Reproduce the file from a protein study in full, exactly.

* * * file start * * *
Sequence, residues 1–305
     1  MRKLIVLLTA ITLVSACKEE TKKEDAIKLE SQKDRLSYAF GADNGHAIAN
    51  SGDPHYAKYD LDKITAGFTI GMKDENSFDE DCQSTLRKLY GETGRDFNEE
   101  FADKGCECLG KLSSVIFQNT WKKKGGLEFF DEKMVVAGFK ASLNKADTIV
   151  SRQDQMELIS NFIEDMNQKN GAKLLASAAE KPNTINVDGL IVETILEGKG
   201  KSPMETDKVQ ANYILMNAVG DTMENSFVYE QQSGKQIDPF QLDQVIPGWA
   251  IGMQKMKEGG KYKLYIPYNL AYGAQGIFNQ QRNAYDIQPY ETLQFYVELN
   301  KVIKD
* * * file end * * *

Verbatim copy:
Sequence, residues 1–305
     1  MRKLIVLLTA ITLVSACKEE TKKEDAIKLE SQKDRLSYAF GADNGHAIAN
    51  SGDPHYAKYD LDKITAGFTI GMKDENSFDE DCQSTLRKLY GETGRDFNEE
   101  FADKGCECLG KLSSVIFQNT WKKKGGLEFF DEKMVVAGFK ASLNKADTIV
   151  SRQDQMELIS NFIEDMNQKN GAKLLASAAE KPNTINVDGL IVETILEGKG
   201  KSPMETDKVQ ANYILMNAVG DTMENSFVYE QQSGKQIDPF QLDQVIPGWA
   251  IGMQKMKEGG KYKLYIPYNL AYGAQGIFNQ QRNAYDIQPY ETLQFYVELN
   301  KVIKD